MUNDYS CORNER —
At 72, Ed Westrick finds few things in life more pleasureable than riding his all-terrain vehicle over hill and valley.
But Westrick complains that, in the years he has been riding, the hills and valleys where ATV riders are welcome have diminished significantly. He would like to see that trend swing in the other direction.
“There are a lot of ATVs out there and no place to go,” said Westrick, of Vinco. “I think we’re being discriminated against.”
Westrick has joined with Mundys Corner resident Jeff Baxter and hundreds of other ATV enthusiasts in a petition drive asking the state to open portions of Gallitzin State Forest to their vehicles.
The massive, state-held forest covers more than 24,000 acres in two noncontiguous regions in Cambria, northern Somerset, Bedford and Indiana counties.
“The perception is the ATVs tear everything up. We get a bad name,” said Baxter, a retired steelworker.
“They see the bad side of ATV riders. They don’t see the good side.”
The petitions to open the regional state forest to ATVs will be taken by Baxter and others to state lawmakers from the region.
They believe that is the best way to gain access to the state Department of Conservation and Natural Resources.
It’s not the first time Baxter has taken his case to legislators, arguing that limited areas in a number of state forests are open to ATVs, and the Gallitzin forest is a natural fit.
Of the 20 state forest lands in Pennsylvania, 11 allow ATVs in some areas.
The closest to Cambria and Somerset counties are Martin Hill in Bedford County, where ATVs have summer access to 18 miles of trails, and Sideling Hill in Fulton County, which offers 15 miles of summer trails.
A total of 247 state forest miles are open to ATVs, said DCNR press secretary Christina Novak.
The mileage is limited for a number of reasons, with safety No. 1, Novak said.
“We’re balancing the uses of different users. Sometimes tension is caused between the users of our forests.”
Those miles open to ATVs have been available for some time and are in contrast to a position taken by the state more than a decade ago, said state Rep. Gary Haluska, D-Patton, who sees little indication the current philosophy will change anytime soon.
“It was decided we would start looking to find riding opportunities other than state land,” Haluska said.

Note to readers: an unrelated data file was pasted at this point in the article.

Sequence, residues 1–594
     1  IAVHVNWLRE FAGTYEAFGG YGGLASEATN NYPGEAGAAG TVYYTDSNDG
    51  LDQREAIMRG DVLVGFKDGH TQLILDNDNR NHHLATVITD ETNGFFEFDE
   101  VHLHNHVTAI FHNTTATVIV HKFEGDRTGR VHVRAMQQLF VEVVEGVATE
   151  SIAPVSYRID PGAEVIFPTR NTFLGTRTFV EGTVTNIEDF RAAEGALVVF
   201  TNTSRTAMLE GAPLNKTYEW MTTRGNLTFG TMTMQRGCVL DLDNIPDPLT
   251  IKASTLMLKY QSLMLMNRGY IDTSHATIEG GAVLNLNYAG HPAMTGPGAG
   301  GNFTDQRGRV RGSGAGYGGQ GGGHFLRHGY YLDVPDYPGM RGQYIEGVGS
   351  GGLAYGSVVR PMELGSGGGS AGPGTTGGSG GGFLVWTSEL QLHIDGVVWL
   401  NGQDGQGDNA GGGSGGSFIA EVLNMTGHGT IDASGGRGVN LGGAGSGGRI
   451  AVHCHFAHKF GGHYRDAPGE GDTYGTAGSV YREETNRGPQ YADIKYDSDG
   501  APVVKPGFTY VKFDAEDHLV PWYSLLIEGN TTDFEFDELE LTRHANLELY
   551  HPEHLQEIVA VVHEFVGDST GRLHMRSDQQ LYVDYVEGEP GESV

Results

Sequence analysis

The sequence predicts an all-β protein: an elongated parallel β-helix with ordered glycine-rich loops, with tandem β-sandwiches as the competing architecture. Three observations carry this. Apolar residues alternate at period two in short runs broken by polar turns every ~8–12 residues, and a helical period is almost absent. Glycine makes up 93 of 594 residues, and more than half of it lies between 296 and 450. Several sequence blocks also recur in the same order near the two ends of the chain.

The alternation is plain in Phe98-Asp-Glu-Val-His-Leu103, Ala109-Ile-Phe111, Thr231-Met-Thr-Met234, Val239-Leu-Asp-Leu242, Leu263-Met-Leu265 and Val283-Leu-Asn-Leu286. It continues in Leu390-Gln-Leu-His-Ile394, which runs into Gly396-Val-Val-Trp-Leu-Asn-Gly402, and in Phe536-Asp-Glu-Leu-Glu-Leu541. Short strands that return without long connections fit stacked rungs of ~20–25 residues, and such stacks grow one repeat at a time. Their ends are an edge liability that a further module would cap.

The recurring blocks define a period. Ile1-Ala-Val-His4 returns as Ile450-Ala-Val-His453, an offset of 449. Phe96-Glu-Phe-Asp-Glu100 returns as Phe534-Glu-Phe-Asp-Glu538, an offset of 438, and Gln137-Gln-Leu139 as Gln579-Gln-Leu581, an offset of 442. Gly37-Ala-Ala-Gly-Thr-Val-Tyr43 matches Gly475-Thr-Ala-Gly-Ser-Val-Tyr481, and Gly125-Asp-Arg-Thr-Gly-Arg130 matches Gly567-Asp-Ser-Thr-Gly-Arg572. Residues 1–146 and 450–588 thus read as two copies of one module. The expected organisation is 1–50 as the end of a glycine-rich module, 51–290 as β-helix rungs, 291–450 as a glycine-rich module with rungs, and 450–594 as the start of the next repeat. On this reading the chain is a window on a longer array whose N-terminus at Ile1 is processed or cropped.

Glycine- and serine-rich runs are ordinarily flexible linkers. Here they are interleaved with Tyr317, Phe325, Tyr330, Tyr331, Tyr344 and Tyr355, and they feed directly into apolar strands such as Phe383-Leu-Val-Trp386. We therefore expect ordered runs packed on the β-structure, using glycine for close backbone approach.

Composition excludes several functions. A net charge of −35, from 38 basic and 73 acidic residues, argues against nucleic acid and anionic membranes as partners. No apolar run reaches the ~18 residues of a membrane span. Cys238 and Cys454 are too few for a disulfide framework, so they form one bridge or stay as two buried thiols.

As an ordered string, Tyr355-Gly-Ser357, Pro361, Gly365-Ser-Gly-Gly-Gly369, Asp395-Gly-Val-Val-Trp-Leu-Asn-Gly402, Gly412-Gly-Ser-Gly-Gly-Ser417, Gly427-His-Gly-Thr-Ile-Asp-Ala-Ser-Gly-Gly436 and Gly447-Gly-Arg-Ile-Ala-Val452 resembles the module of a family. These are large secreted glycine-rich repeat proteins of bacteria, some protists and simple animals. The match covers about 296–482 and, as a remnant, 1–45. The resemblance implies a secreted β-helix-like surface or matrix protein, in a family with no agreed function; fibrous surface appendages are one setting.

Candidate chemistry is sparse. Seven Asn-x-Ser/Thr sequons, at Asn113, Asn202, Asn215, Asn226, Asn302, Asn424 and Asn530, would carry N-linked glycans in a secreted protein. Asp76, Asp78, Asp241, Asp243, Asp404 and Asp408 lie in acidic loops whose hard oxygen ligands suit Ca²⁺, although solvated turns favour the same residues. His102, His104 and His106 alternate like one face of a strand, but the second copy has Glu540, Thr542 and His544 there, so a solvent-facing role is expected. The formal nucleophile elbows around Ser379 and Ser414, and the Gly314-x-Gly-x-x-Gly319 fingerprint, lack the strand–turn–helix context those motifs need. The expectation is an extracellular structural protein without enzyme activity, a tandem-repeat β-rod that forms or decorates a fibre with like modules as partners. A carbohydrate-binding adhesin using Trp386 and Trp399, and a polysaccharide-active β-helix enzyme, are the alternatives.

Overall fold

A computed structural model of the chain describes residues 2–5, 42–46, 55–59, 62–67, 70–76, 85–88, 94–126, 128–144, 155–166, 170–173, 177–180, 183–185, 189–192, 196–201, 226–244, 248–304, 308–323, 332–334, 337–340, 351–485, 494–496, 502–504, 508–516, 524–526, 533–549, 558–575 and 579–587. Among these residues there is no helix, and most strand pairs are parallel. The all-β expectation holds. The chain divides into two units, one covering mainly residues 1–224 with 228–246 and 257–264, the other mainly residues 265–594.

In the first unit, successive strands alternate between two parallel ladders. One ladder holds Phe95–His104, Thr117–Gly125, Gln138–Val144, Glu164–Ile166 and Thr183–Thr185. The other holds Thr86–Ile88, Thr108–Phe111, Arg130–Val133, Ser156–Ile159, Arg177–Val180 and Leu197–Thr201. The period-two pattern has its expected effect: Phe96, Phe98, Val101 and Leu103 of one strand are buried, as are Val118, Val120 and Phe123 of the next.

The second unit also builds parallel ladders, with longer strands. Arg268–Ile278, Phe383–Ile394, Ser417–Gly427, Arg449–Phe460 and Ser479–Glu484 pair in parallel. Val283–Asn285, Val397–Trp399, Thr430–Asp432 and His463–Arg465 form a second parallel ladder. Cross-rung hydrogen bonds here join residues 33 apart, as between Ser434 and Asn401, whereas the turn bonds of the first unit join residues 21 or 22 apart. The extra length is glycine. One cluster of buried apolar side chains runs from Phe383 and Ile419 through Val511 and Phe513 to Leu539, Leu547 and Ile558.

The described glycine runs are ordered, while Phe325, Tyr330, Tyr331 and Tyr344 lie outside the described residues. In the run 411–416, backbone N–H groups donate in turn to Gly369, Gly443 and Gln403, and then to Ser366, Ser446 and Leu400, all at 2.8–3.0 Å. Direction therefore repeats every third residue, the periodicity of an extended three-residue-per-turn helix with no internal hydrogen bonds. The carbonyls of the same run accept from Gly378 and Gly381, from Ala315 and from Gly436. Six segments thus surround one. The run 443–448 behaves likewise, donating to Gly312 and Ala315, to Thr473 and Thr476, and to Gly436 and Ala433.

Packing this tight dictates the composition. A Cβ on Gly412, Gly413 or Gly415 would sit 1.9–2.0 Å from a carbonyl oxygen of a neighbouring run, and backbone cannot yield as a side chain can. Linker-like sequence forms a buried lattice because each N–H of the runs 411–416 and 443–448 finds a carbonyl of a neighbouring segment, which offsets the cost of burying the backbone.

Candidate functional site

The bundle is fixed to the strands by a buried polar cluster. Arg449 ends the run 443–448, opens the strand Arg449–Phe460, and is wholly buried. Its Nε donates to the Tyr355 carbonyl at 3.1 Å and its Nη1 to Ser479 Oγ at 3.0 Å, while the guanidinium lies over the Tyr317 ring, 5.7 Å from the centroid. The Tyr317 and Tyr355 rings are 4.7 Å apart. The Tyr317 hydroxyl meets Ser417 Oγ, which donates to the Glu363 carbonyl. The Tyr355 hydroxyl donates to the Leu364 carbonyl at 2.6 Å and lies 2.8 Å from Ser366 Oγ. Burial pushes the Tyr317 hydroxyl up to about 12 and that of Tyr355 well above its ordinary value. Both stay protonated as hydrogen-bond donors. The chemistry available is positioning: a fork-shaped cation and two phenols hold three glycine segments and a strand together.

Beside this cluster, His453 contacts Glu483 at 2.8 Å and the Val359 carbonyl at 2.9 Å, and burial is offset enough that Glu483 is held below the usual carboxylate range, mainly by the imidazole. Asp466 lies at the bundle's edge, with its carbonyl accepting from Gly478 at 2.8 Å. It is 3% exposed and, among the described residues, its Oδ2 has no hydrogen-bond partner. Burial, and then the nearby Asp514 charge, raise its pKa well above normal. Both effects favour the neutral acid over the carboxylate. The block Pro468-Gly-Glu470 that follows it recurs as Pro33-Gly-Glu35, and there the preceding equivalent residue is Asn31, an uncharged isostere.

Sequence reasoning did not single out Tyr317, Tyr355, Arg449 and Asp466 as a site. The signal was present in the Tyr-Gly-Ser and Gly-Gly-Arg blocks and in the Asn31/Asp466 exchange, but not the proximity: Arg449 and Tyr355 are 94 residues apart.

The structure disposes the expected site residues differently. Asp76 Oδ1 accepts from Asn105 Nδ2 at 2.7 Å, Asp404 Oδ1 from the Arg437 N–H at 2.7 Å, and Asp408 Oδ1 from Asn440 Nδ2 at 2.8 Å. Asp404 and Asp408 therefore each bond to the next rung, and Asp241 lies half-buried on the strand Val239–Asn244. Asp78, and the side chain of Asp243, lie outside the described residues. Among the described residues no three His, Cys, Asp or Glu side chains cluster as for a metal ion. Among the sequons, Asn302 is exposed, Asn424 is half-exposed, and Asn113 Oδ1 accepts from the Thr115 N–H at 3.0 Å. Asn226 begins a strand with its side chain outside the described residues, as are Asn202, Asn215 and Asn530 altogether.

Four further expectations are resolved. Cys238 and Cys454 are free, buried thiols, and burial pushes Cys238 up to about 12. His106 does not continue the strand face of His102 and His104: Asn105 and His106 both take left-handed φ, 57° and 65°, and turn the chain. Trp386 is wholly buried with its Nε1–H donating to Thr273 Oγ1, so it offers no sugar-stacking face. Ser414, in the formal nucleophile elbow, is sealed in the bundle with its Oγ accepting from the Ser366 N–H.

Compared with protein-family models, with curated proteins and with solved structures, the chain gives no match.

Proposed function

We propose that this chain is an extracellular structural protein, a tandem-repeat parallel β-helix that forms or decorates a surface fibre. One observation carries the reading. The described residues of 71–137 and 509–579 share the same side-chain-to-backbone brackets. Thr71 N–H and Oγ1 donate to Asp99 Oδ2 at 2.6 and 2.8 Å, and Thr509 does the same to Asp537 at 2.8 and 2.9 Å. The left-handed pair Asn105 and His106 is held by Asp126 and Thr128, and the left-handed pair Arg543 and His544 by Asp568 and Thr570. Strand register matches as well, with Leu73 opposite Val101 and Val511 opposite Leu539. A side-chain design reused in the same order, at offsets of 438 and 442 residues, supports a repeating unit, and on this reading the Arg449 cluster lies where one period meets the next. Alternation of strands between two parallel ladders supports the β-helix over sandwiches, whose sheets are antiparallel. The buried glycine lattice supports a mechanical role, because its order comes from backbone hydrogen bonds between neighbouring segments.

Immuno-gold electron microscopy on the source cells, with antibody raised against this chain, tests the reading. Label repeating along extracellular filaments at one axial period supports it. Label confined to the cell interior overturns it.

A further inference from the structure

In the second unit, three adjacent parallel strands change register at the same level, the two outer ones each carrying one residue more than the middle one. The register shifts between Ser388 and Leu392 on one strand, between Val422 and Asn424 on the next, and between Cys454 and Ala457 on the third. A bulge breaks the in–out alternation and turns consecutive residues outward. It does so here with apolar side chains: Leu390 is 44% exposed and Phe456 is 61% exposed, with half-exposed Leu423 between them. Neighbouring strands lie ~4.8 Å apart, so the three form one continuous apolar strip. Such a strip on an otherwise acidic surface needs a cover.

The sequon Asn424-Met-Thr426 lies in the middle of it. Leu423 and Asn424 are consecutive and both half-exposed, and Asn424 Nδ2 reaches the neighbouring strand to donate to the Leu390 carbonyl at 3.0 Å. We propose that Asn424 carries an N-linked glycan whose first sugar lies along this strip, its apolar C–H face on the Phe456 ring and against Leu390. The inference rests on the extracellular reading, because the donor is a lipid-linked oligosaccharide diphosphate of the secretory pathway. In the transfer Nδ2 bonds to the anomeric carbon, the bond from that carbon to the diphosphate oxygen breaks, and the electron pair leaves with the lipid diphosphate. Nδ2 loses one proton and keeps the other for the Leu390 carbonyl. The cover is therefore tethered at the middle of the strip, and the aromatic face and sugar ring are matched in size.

Officials searched for previously disrupted areas such as abandoned surface mines and old quarries.
After a multiyear search, a 6,000-acre site outside Patton was chosen for a pilot project that eventually evolved into Rock Run Recreational Area State Park, which now is in its sixth year of operation.
“We have a really nice facility,” said Haluska, who serves as chairman of the nonprofit Rock Run board. “DCNR made that judgment several years ago to expand ATV facilities in this direction.”
The big complaint about Rock Run is the cost and a lack of far-reaching trails that are not built on top of one another, Westrick said.
“They have a lot of acreage, but the trails cover just a small portion and their prices are so high for what you get,” he said.
A one-day pass Friday through Sunday costs $20 per driver and $12 per passenger.
That is significantly higher than, for example, the Hatfield-McCoy Trails in West Virginia, Baxter said.
Hatfield-McCoy offers season passes to nonresidents for $50. By comparison, a season pass at Rock Run costs $125.
The state is developing a second ATV site in the anthracite coal region of Northumberland County, Novak said.
ATV use has grown by leaps and bounds with no indication it will slow down any time soon, said Mark Lester, who heads up Supertrax Media. The business produces Dirt Trax magazine and an Outdoor Channel ATV television show of the same name.
Latest estimates are that U.S. residents have 6 million all-terrain vehicles. Many riders in places such as Pennsylvania are having difficulty finding a place to ride, Lester said.
“It depends on where you live. There are lots of places to ride in the Midwest. It’s a geographical problem, and there are areas with lots of demand,” he said.
Baxter and Westrick point to the $20 registration fee they send to the state every other year for each ATV they own.
They see that as reason enough to open more forest land. Instead, Baxter said, the state focuses on walking and biking trails for people who contribute nothing.
The registration fees generate about $2.5 million annually, Novak said. She said that money is put back into trails and infrastructure.
This funding source has provided much of the estimated $6 million that the state has pumped into Rock Run for purchase of the land and ongoing trail development, Haluska said.
“We are investing in areas such as Rock Run. That’s our current policy, to use the ATV fund for these large motorized parks,” Novak said.
But when you charge a person for something, they should be getting something in return, Lester countered.
“If a state is taking registration fees, then they doggone ought to have something in place for people to use,” he said.
Something needs to be done as government dollars shrink and ATV use continues to grow, Lester said.
“Every government needs to realize that any money needed to promote economic activity in this type of thing has to come from motorized vehicles,” Lester said.